A Guide to Liberal Arts and Sciences in the Netherlands, Land of Culture, Cycling, Coffee shops and more

UCU

In a Q&A session, CollegeLAH asked Matthew about his journey to the University College Utrecht (UCU) in the Netherlands.

Tell us a little bit about yourself Matthew.

I’m a proud Penangite! However, 2 years ago, I decided to take a leap of faith and ventured to Saint Joseph’s Institution International in Singapore for my sixth form studies. Academically, my next port of call will be University College Utrecht in the Netherlands where I’ll be pursuing a Liberal Arts and Sciences course.

That’s a pretty unorthodox route you’ve elected to take. What made you choose to study in the Netherlands and more particularly at University College Utrecht (UCU)?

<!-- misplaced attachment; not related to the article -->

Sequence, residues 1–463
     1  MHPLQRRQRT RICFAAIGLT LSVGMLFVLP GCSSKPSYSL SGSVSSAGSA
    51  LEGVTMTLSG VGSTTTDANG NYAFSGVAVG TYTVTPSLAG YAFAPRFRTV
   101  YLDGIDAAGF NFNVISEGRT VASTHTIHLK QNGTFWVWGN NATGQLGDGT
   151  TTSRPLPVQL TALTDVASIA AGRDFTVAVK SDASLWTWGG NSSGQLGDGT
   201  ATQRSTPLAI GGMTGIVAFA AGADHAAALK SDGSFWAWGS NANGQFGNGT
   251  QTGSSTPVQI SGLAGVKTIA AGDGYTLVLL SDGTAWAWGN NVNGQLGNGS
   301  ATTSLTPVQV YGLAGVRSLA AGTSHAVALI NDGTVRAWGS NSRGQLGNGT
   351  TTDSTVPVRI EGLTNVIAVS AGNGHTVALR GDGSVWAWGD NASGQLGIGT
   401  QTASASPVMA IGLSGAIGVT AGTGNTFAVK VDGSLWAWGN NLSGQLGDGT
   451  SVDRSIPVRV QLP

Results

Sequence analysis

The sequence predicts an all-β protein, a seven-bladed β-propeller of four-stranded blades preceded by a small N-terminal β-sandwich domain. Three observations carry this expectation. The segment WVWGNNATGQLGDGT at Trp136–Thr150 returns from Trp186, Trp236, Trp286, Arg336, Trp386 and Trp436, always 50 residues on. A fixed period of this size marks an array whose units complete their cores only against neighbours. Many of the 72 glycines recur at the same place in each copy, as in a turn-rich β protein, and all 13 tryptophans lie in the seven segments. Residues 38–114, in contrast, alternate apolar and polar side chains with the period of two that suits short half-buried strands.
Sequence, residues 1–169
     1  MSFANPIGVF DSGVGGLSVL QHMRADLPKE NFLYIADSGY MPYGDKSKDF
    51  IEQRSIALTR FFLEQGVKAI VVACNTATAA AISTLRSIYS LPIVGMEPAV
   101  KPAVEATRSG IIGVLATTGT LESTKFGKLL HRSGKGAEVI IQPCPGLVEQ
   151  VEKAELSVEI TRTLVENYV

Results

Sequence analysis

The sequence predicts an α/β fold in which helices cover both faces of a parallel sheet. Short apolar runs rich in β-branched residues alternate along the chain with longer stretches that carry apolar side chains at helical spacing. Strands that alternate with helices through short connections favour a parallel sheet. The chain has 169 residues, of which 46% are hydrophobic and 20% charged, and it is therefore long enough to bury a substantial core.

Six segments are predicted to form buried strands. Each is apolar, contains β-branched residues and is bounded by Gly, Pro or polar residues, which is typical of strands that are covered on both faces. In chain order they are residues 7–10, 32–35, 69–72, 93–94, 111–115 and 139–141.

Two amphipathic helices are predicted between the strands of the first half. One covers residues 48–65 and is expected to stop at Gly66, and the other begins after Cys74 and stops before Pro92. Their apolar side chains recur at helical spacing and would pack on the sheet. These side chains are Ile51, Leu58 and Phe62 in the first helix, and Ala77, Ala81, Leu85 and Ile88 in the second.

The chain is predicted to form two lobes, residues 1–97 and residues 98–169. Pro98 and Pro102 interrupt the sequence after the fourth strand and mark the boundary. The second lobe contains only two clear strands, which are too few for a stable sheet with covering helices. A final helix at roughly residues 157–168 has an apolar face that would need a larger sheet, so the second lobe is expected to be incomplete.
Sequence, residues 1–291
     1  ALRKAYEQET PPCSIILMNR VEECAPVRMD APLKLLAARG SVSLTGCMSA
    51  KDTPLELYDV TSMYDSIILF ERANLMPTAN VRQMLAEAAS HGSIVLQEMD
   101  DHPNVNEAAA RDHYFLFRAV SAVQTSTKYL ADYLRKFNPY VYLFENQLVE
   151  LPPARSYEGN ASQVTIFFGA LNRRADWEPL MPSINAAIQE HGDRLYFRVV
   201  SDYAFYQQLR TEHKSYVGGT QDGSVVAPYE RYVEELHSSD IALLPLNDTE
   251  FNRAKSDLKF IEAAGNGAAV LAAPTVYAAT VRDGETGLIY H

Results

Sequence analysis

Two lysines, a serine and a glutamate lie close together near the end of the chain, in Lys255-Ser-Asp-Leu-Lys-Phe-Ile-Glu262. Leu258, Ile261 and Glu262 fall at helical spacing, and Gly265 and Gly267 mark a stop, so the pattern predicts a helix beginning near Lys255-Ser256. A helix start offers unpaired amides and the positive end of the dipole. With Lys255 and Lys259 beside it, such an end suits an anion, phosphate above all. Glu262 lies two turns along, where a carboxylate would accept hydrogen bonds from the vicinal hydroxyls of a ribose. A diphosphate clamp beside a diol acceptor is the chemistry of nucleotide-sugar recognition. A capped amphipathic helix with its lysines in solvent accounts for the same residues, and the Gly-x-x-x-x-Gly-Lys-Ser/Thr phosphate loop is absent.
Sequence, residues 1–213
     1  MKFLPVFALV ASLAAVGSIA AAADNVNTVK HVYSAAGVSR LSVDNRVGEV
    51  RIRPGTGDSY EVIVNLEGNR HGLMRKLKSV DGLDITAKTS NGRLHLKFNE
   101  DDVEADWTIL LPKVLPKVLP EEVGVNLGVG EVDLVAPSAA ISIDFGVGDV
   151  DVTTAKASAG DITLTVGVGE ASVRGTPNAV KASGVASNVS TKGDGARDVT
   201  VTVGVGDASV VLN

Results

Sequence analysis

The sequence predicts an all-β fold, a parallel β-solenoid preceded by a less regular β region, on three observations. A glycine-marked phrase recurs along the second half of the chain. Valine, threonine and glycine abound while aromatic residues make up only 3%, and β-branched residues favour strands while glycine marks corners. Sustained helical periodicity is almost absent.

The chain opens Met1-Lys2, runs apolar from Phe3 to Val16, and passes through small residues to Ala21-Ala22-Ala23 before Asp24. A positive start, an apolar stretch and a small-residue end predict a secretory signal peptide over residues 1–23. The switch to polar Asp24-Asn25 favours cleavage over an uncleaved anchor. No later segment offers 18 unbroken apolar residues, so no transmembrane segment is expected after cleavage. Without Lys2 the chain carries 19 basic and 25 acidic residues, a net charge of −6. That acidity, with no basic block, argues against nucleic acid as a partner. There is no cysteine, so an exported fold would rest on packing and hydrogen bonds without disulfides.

Choosing UCU was a pretty easy choice. I felt that the course suited my learning style with its small class sizes promoting in-depth discussions while allowing students to read broadly across a wide range of subjects of their choice. For a person who hasn’t exactly found his passion yet, I figured that this would be a great opportunity seeing as instead of “closing doors”, I‘d actively be exploring avenues where my potential passions in life lie.

Additionally, UCU is the honours college of the University of Utrecht – the largest university in the Netherlands. As a result, UCU has a diverse mix of students from different backgrounds, nationalities and interests. The ability to live on campus and be part of such a driven yet diverse community was something that really appealed to me.